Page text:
One night, in the summer of 2012, Greg Hansen awoke with a crazy idea.
“What do you think about cycling across the country for clean water?” the 64-year-old Staten Island, New York, resident asked his wife, Sue.
The couple had recently finished studying The Hole in Our Gospel by World Vision U.S. President Rich Stearns. Greg was floored when he read the statistic in the book about how 1,400 children die each day because they lack access to clean water.
“Sue and I have eight children,” Greg says. “Children have always been an incredible part of our life. That is at the forefront of what has touched my heart: the number of children that are living desperate lives because of a lack of clean water.”
At first, the family sought donations to develop a well for about $14,000. They prayed, told their book study leader about it, and, within a week, support exceeded the goal.
As funds mounted for the cause, Greg, Sue, and Sue’s brother, Dennis Moore, began to plan their cross-country cycling tour to raise more money for Kenya water projects. With Sue and their church providing vehicle and logistics support, Greg and Dennis hit the road on April 2, 2013.
Their church, Salem Church on Staten Island, supported the team as it progressed mile after mile. Pastor Ed Cole says, “As soon as [Greg] shared it with me, I thought, ‘This is a fantastic thing for the whole church to get in on. God put something on his heart, and he said yes.’”
My hope is that people will look at this and ask, ‘What about me — what’s my vision?’—Greg Hansen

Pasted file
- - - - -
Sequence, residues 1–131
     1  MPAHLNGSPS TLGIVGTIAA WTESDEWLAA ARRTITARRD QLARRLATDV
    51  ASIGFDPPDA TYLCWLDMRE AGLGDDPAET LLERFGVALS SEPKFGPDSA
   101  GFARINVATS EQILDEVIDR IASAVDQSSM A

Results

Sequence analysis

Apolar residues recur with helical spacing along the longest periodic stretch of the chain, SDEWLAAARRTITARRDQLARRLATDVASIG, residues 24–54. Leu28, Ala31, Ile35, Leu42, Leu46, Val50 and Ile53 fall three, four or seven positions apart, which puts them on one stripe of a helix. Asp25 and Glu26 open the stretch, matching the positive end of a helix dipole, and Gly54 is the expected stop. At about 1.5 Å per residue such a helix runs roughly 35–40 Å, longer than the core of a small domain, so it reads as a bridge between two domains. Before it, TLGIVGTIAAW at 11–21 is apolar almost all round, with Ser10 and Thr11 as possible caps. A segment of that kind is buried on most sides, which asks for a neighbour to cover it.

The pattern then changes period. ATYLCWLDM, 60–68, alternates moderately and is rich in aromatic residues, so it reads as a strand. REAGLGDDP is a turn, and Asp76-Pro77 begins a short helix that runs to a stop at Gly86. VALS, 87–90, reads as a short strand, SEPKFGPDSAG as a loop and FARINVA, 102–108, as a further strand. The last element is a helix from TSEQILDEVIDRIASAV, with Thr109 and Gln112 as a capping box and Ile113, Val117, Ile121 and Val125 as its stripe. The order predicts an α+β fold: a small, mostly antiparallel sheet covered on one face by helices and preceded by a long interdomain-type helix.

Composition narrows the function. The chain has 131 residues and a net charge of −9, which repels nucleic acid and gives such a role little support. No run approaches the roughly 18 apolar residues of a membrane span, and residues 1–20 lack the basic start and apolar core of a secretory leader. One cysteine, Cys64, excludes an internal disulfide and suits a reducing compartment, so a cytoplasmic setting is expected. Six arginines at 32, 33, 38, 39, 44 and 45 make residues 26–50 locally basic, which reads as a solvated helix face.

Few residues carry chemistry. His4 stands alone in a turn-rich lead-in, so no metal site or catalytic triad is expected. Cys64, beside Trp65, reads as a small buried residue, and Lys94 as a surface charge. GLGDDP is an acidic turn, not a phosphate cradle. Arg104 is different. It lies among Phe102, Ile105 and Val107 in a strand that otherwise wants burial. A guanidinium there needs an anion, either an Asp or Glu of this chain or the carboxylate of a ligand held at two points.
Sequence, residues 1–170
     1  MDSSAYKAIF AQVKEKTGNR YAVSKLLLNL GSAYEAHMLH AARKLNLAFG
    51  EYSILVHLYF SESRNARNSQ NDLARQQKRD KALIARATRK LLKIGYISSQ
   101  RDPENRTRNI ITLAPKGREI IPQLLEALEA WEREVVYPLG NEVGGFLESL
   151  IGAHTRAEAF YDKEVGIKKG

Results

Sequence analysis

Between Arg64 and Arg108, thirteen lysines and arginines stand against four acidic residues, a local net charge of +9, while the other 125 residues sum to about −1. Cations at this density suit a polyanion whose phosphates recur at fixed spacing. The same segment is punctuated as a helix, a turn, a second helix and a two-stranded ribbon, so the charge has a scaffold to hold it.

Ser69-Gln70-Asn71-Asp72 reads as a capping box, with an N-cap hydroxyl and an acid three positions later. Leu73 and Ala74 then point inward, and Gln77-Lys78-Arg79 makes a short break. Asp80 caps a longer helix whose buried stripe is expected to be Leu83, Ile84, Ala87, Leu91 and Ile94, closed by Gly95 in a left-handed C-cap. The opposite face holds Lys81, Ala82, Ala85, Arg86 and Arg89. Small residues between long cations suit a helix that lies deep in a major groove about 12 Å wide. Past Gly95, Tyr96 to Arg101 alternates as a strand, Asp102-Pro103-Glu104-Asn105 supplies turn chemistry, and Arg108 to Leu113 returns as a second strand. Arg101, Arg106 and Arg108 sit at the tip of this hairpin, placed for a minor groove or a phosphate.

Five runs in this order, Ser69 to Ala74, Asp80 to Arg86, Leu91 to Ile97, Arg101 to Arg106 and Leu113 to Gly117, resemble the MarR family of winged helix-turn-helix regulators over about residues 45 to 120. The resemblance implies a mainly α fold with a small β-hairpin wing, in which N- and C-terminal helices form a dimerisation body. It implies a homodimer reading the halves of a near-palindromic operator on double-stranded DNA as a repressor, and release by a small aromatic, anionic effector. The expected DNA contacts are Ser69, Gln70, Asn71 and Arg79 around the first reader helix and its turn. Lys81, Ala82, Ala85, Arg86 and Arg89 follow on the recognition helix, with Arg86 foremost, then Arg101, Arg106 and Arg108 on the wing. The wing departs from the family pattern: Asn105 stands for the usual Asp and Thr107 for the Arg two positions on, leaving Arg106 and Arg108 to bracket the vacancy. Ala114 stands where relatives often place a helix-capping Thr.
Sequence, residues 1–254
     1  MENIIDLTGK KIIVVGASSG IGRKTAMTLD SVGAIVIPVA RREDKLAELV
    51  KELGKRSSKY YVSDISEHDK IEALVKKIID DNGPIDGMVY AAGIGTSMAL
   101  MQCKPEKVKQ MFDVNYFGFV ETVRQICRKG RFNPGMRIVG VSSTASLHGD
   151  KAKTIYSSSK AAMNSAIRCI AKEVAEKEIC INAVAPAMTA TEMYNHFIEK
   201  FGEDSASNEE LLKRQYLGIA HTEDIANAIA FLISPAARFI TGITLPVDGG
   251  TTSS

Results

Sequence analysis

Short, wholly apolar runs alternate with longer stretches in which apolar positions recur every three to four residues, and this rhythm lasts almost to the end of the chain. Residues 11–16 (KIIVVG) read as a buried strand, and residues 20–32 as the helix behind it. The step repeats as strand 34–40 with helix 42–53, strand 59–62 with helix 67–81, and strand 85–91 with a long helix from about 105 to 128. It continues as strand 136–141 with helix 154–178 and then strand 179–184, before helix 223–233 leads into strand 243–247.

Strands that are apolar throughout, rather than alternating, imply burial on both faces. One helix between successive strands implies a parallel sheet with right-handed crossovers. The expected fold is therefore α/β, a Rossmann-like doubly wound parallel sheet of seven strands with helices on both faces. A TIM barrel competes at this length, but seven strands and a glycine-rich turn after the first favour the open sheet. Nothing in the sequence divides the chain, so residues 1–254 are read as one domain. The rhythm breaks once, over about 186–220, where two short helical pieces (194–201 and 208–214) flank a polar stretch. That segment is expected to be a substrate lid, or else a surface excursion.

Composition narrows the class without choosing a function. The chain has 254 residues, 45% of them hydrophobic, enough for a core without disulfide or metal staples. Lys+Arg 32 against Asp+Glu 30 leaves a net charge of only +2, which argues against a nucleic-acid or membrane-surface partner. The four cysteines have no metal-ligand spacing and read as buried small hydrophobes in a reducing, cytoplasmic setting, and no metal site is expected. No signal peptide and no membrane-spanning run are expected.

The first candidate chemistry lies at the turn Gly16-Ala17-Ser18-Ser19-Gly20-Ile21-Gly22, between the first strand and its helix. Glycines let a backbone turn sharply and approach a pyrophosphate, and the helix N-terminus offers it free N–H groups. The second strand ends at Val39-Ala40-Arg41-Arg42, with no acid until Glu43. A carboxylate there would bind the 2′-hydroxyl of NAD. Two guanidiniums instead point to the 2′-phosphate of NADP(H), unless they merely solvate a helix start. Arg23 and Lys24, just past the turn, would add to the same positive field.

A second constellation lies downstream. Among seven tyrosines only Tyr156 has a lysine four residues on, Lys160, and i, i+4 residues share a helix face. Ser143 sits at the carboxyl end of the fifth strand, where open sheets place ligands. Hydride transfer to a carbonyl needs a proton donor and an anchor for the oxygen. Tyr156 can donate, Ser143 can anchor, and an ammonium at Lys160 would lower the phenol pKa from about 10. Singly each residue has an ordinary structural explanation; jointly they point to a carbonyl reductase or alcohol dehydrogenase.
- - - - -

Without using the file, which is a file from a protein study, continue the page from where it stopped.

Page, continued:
For seven weeks, the cyclists traversed 70 to 90 miles a day. Between Coronado, California, and Staten Island, Greg and Dennis faced a multitude of challenges — from pneumonia and dehydration to equipment breakdowns.
Despite setbacks, a handful of incidents that seemed divinely orchestrated made the team realize that a special story was unfolding.
In the middle of New Mexico, they met a water truck driver who gave them four cases of bottled water for the journey. Then, after a long day in Virginia, the team had no place to stay — until they encountered a local missionary who had been a bike mechanic. He provided them with lodging and bike tune-ups.
“Each morning we prayed together,” says Greg. “I believe that brought us through.”
Ed says there’s power in the team’s willingness to step out to follow Jesus.
To date, Greg has raised more than $110,000. Beyond galvanizing the church community, the journey inspired Greg’s rock star brother-in-law, Keith Richards, to give $50,000 to the cause.
What’s more, putting Greg’s “crazy idea” into action has been a great example, says Ed. “My hope is that people will look at this and ask, ‘What about me — what’s my vision?’”